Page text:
tumblr_lncop9R4BC1qd4993o1_400.jpgFirst documented reasons for hospitalization to FF Hospital: “epilepsy, intemperance, injury to head, disappointment in love, and overwork.” One patient speculated in 1910 that he was committed because of his “long hair” and “the way he pondered.”

As I wander the grounds, I wonder what it would have been like to be a patient here. There are signs of decay, rubble and ruin.  I cannot go inside the buildings because of mold and other old stuff.  I feel the old spirits moving through me as I unpack in my apartment for the week which was most recently a residential drug and alcohol treatment branch of the hospital.

Deja vu? It feels eerily like other centers where I have stayed. I keep expecting a staff person to bust in the door to shine a flashlight on my face at night for a bed check, to rifle through the drawers and search under the mattress to search for contraband, to IMG_6400flick the lights up at 7 and tell me it’s time to stand in line to get my meds or blow in a tube for a breathalyzer or pee into a cup. Every time I walk around the grounds, I notice something different. A door spray painted: “HELP ME.”

But it would be insulting to immediately associate this with a place of ruin and collapse because we have to remember too that this is a place where people came to heal.  Many amazing doctors, nurses, groundskeepers, social workers, and other staff devoted their lives to making patients feel safe, accepted, cared for, to help them get better. My friend speaks proudly of her mom who helped people in the acute unit and transition to the community. Another friend says that residential drug and alcohol treatment here “changed her life” when she was a teenager.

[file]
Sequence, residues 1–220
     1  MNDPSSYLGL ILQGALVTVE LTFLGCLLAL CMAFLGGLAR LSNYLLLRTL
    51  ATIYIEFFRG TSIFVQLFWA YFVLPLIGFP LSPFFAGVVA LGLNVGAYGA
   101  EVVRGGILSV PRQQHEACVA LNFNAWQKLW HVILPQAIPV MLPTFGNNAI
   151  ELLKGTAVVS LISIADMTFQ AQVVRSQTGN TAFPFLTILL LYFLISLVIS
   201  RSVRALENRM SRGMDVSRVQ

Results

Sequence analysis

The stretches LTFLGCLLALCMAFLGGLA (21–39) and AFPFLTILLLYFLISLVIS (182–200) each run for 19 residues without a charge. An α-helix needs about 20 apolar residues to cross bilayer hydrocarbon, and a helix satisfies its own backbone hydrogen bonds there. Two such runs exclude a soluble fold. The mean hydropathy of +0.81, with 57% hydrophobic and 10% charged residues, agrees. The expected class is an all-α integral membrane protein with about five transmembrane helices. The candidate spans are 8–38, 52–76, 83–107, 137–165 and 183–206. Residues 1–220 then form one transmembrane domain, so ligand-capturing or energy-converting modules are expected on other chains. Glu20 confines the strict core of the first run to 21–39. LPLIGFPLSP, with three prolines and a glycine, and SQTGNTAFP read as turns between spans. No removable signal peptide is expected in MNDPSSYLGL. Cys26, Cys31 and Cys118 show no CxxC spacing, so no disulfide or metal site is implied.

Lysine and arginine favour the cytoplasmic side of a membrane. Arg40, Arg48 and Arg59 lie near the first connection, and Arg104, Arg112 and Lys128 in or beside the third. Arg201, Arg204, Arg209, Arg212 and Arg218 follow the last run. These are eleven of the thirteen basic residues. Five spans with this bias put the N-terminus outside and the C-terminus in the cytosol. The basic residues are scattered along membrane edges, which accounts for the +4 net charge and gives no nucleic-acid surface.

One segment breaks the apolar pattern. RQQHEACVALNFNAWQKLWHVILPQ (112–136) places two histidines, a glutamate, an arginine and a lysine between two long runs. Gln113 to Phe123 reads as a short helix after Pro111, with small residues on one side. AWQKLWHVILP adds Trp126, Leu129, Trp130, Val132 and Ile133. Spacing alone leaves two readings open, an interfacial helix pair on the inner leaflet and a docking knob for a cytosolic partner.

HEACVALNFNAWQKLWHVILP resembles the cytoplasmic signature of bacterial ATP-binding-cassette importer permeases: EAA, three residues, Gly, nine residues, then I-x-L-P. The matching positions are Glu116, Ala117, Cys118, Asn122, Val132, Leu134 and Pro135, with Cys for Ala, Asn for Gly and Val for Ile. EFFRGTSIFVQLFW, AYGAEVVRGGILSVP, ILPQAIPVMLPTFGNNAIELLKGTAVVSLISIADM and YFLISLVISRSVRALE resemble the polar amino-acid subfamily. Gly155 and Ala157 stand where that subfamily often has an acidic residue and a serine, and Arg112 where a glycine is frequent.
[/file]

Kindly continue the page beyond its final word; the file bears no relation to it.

The grounds are green and lush. Several of the former nurse’s quarters/ treatment buildings have been remodeled into residential apartments that preserve the historic nature of the grounds while adding modern touches. Wild flowers grow out of cracks in the cement. Fergus Falls community members are devoted to preserving the hospital and Hinge Arts has been an amazing use of the historic space.

Signs of healing and holding on are there when we look hard enough, when we are willing to redefine what those terms mean, and to see beauty in rubble.

Works Cited:

  • Historical Research thanks to Ottertail County Historical Society and Fergus Falls Daily Journal
  • Header image of Postcard: MNHS.org
  • Anonymous Portrait of a female psychiatric patient, “Melancholia” 1875-1885 (ca) via luminous-lint.blogspot.com
  • “HELP ME” Image courtesy Tessa.

 

 

 

 

 

 

Fergus Falls Daily Journal Profile

Fergus Falls Daily Journal features a profile today about me and another Hinge Artist Sharon Mansur.

It was interesting being interviewed for a newspaper since I am usually the one asking the questions! The writer did a nice job. “Torgeson had an open suitcase set up in the corner of Springboard for the Arts. It included various items from her times spent in treatment. From pill bottles to cards written by family and friends, the suitcase contained insights into her life and also her writing… This residency is Torgeson’s first and she came about it in a special way.”